Winner of the 2012 Literary Award from The Athenaeum of Philadelphia
"To leaf through A Glorious Enterprise is to see history unfold. Two hundred years in the making, this beautiful book is a paean to the Western Hemisphere's oldest natural history museum—the Academy of Natural Sciences of Philadelphia—and the passionate men and women who shaped its reputation. Like a sophisticated cabinet of curiosities, the tome brims with treasures illustrating the museum's 18-million-piece collection."—AudubonFounded in 1812, the Academy of Natural Sciences of Philadelphia stands today as the oldest natural history museum in the Western hemisphere. Early expeditions organized at the Academy were of central importance to the exploration of America's western wilderness, and the plant and animal specimens that were brought back formed the foundation of a collection that today contains some eighteen million items. What began as a small gathering of devoted amateurs has grown into a vibrant international center for scientific education and research.
"A book to remember. . . . To wander through A Glorious Enterprise is to absorb the nineteenth century's passion for botany and zoology; the twentieth century's mania for exploration of distant, difficult or desolate places; and present-day preoccupations. . . . All of these tales are fascinating, but the book's true fascination comes in its color photographs and illustrations, scores of them."—Cornelia Dean, New York Times
"A handsome volume that should be in all serious collections on the history of the natural sciences."—Library Journal
"Magnificent in both its scope and its ambitious physicality, A Glorious Enterprise is a fascinating miniature museum in and of itself, exploring the cultural history of natural history with equal parts rigor and romanticism—the hallmark of great science."—Maria Popova, Brain Pickings
"A fascinating history, lavishly illustrated, of the Academy of Natural Sciences of Philadelphia, America's earliest scientific institution. The book's eighteen chapters offer not a single narrative, but a set of panels in which are figured episodes and topics that carry us from the beginning of the nineteenth century up to the present. For those who do not already know the Academy, A Glorious Enterprise should prompt a visit to the displays and library of this extraordinary home of scientific research."—Charles Gillispie, Professor Emeritus of the History of Science, Princeton University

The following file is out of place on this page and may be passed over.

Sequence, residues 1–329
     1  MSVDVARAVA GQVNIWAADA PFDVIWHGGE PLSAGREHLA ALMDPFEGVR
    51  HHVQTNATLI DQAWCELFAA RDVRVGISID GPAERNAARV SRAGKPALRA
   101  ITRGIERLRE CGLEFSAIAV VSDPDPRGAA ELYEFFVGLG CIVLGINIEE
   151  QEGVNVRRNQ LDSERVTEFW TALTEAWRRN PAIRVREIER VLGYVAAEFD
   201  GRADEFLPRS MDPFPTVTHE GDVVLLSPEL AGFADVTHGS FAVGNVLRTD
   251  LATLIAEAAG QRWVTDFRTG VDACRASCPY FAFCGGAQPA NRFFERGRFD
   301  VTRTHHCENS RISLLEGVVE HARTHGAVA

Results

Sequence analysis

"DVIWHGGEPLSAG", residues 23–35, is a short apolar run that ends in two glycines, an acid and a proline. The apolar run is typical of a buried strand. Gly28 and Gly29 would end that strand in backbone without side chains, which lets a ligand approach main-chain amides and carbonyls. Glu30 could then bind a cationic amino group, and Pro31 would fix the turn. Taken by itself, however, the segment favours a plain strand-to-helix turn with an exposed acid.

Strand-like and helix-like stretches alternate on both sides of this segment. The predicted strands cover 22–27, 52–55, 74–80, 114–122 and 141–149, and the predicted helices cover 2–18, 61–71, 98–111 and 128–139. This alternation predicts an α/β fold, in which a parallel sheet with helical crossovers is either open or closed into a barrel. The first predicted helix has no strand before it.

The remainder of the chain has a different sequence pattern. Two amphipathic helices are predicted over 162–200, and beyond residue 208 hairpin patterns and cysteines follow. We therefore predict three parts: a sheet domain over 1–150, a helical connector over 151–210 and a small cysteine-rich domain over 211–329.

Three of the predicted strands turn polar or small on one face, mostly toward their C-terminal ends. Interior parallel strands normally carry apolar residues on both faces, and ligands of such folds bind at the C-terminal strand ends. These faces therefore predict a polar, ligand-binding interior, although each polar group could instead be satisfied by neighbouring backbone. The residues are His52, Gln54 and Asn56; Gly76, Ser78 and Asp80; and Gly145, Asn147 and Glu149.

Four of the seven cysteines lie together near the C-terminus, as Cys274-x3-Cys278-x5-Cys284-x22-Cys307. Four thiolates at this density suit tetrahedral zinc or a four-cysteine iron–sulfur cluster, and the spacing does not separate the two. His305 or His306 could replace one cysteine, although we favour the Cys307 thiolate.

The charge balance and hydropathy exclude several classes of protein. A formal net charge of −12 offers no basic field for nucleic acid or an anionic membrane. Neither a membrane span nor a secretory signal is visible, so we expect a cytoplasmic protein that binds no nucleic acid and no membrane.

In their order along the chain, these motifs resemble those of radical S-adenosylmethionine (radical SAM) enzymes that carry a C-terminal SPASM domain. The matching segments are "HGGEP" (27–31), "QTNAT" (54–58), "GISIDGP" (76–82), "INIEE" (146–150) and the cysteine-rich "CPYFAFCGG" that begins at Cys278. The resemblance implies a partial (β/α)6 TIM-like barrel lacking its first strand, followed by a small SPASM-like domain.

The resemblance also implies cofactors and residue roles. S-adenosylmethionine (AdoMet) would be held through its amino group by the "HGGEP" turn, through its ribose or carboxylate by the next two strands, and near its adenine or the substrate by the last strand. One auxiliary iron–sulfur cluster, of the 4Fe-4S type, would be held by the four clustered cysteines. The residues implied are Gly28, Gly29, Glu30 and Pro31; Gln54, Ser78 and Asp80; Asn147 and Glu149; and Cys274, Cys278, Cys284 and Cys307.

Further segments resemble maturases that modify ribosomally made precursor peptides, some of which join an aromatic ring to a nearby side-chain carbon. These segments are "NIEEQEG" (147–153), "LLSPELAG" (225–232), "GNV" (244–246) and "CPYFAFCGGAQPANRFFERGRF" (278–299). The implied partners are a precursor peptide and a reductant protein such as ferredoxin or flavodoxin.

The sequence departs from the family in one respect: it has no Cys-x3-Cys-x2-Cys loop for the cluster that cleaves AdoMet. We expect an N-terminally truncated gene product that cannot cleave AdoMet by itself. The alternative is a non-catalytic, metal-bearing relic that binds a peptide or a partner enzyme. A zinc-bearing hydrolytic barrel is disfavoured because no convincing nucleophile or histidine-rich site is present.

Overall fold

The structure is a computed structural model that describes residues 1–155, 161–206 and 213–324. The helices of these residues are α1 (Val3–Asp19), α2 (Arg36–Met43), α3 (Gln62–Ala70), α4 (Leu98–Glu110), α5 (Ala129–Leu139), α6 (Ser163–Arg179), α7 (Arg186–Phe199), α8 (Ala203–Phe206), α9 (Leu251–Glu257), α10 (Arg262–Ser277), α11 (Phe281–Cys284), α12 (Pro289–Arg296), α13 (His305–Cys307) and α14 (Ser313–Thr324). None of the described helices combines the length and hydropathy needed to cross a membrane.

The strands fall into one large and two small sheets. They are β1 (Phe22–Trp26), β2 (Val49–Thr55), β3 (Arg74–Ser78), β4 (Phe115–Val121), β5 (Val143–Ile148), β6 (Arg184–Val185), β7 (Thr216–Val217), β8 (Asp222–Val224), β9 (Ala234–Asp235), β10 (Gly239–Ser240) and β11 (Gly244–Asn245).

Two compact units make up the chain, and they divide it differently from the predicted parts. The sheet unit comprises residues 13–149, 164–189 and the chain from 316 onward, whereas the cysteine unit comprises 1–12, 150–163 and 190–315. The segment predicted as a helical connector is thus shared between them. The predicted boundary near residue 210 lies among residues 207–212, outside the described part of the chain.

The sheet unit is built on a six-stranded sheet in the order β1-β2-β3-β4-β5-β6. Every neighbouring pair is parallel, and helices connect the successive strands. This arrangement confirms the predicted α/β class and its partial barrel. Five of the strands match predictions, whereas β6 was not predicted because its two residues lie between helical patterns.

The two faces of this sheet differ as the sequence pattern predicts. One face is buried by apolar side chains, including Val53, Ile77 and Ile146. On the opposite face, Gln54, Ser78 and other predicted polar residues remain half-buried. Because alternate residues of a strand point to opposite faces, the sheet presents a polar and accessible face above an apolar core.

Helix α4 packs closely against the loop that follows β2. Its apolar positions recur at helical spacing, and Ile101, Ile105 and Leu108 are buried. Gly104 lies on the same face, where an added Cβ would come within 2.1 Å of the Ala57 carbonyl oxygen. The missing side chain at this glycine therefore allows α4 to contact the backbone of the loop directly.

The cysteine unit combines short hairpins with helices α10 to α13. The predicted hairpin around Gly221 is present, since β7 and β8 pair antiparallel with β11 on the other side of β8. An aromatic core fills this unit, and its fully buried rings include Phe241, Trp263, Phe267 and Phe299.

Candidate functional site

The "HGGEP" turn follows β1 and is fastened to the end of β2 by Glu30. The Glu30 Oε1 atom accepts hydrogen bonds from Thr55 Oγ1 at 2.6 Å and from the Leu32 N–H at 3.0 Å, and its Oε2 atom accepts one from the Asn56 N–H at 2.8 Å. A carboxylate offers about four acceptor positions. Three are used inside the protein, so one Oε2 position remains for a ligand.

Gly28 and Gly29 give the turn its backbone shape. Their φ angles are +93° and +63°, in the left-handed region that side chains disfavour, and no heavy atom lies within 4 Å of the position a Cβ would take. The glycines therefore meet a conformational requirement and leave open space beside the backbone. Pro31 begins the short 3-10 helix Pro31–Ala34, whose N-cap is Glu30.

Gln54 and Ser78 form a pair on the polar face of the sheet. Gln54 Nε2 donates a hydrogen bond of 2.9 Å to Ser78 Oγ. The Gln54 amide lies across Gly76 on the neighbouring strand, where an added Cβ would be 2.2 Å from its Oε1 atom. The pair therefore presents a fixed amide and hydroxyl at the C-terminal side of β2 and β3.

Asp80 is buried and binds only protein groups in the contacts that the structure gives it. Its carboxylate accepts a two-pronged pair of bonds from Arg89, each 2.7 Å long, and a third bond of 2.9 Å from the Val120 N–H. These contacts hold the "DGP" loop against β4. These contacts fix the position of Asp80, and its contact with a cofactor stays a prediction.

A Glorious Enterprise, the first complete history of the Academy, tells the story of the brilliant and passionate men and women who endeavored to acquire and disseminate knowledge of the natural world. Thomas Jefferson, John James Audubon, Robert Peary, Ernest Hemingway, and James Bond are just a few of the colorful Academy associates profiled in this lively narrative. Naturalist and historian Robert McCracken Peck and historical biographer Patricia Tyson Stroud take readers behind the scenes of the Academy, recounting the signal moments and achievements that shaped its first two hundred years—from its landmark discoveries in North America and around the world, through the construction of its famed dioramas in the 1930s, to the pioneering work of Academy scientists in water pollution and conservation long before these were topics of popular concern. The book is richly illustrated throughout with hundreds of archival images and stunningly original works by acclaimed photographer Rosamond Purcell that cast specimens from the Academy's collections in a new light.
Like Academy members on a quest for wondrous specimens, lovers of the sciences, American history, museums, and libraries will want to add A Glorious Enterprise to their collections. Filled with lively anecdotes, captivating biographical details, and fascinating facts, this beautiful and enlightening history will be treasured for years to come.
Robert McCracken Peck is Senior Fellow and Curator of Art and Artifacts at the Academy of Natural Sciences. He is the author of numerous books and articles, including Land of the Eagle: A Natural History of North America, A Celebration of Birds: The Life and Art of Louis Agassiz Fuertes, Headhunters and Hummingbirds: An Expedition into Ecuador, and All in the Bones: A Biography of Benjamin Waterhouse Hawkins (with Valerie Bramwell).
Patricia Tyson Stroud is an independent scholar who lives in Wayne, Pennsylvania, and East Blue Hill, Maine. She is the author of the award-winning books The Emperor of Nature: Charles-Lucien Bonaparte and His World and The Man Who Had Been King: The American Exile of Napoleon's Brother Joseph as well as Thomas Say: New World Naturalist, all published by the University of Pennsylvania Press.
Rosamond Purcell has exhibited internationally, and her work has been featured in Smithsonian, National Geographic, and Slate. Her books include Swift as a Shadow: Extinction and Endangered Animals, Owls Head: On the Nature of Lost Things, and Illuminations: A Bestiary (with Stephen Jay Gould).